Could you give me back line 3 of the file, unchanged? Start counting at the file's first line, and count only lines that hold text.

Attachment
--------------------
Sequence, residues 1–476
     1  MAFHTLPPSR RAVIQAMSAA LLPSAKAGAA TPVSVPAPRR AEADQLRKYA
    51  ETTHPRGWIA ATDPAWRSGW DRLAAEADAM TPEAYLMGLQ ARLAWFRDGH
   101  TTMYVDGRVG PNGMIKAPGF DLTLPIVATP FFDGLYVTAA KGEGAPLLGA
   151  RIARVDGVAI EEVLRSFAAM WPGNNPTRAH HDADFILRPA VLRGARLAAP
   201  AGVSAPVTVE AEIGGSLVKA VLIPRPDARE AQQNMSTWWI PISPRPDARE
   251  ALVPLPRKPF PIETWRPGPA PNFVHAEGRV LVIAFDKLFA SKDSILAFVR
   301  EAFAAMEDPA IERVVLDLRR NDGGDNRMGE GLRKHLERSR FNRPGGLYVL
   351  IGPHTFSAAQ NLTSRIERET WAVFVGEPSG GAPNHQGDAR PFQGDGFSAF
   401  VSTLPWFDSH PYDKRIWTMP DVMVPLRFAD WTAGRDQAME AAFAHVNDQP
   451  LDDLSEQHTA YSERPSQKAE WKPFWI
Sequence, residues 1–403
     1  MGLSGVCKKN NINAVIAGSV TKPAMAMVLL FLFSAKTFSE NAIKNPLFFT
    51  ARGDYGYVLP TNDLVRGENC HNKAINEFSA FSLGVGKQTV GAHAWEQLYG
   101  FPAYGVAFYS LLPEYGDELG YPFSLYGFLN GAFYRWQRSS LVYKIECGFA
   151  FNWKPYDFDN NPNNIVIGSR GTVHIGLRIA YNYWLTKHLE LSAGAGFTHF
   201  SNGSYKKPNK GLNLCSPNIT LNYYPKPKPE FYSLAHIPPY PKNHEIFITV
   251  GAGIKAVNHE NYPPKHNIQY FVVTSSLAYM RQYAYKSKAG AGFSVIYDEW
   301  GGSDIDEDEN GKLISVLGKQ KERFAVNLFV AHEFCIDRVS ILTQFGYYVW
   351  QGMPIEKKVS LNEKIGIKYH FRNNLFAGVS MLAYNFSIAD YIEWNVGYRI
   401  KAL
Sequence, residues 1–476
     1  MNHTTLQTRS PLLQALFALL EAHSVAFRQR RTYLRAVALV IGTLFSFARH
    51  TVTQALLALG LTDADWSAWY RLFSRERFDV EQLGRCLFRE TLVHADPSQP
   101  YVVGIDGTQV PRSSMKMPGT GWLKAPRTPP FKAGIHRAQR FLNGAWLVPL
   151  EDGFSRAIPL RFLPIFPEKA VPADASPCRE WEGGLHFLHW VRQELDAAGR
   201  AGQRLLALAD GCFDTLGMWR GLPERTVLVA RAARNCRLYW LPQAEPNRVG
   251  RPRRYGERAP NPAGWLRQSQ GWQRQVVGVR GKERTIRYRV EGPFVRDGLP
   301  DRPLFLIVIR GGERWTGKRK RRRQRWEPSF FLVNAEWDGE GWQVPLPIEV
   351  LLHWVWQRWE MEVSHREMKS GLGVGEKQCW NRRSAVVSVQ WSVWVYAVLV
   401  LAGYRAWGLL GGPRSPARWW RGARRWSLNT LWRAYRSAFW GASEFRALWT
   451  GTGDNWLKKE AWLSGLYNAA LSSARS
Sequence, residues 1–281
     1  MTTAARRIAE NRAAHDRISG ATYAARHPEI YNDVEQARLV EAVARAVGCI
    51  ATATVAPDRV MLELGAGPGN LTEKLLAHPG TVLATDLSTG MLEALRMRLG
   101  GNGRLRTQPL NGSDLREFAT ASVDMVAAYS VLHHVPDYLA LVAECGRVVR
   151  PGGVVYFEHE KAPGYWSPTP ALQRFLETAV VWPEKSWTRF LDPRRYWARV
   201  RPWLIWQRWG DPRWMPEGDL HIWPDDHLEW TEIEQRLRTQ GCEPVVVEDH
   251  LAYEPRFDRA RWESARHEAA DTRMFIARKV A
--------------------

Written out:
    51  ETTHPRGWIA ATDPAWRSGW DRLAAEADAM TPEAYLMGLQ ARLAWFRDGH